Perl memory profiling

Perl's garbage collector uses reference counting to keep track of which data structures are "live" on the heap and which can be deallocated. This means that memory will never be freed if your data structures contain cyclic references, even when all variables referencing those data structures go out of scope. It is generally up to you as a developer to break (or "weaken") such references if you want timely memory deallocation. Otherwise, memory deallocation will happen when your script terminates, but that might be too late, especially in case of long-running processes. (This is a good reason to avoid long-running processes, by the way. Paritioning your code into scripts/processes is a practical example of a fault-tolerance technique known as "micro-reboots".)

To check the overall (maximum) memory footprint of a Perl interpreter, use valgrind --tool=massif perl, then ms_print However, note that it slows down the execution significantly and adds even more memory overhead, so handle with care.

Here is a list of developer-oriented Perl modules that will help with troubleshooting memory leaks in Perl:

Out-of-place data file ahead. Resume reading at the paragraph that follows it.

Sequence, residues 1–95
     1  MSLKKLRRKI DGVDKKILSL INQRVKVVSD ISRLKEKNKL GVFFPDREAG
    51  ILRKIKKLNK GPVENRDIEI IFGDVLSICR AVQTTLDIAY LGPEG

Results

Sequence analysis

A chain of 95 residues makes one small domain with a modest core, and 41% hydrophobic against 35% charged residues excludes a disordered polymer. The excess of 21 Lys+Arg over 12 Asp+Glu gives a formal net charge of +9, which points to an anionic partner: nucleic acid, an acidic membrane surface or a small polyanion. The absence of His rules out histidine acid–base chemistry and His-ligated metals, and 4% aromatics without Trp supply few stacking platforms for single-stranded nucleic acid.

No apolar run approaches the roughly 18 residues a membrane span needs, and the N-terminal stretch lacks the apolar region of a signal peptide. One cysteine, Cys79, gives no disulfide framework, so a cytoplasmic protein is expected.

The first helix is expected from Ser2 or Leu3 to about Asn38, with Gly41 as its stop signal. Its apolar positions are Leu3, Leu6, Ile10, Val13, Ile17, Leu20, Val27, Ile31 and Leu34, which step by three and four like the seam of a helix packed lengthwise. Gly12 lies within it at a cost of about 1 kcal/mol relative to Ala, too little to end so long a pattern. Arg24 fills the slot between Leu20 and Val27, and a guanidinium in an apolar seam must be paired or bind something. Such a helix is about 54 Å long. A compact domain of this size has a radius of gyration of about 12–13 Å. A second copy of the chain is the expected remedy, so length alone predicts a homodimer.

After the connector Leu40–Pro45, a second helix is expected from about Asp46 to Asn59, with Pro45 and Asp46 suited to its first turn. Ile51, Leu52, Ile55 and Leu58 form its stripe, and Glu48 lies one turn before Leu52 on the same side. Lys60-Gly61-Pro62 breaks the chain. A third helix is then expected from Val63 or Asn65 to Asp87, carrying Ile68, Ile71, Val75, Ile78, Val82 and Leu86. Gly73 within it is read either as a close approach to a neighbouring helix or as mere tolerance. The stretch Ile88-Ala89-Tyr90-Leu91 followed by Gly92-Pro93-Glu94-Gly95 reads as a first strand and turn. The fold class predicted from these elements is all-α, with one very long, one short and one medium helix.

• Devel::Gladiator shows you counts of all live objects on the heap, by object class/category, including leaked ones. This is somewhat similar to - but more limited than - the jmap tool for Java VMs. You can also get the actual references, which you can then pass to...
  • Devel::Size, which lets you calculate the amount of memory taken up by a data structure (one that is not yet leaked).
  • Devel::Cycle examines a data structure for cyclical references (if such exist, the data structure is bound to cause memory leaks).
  • Devel::FindRef helps figure out where references to a data structure are being held.
  • Devel::Events::Objects offers instrumentation for constructor/destructor invocations.
  • Devel::Leak gives you the total number of currently live data structures.

Finally, you may wish to pass the -Dm command-line switch to Perl. However, unlike the modules, it requires a version compiled with debugging support and gives low-level information that is difficult to correlate with application-level code.

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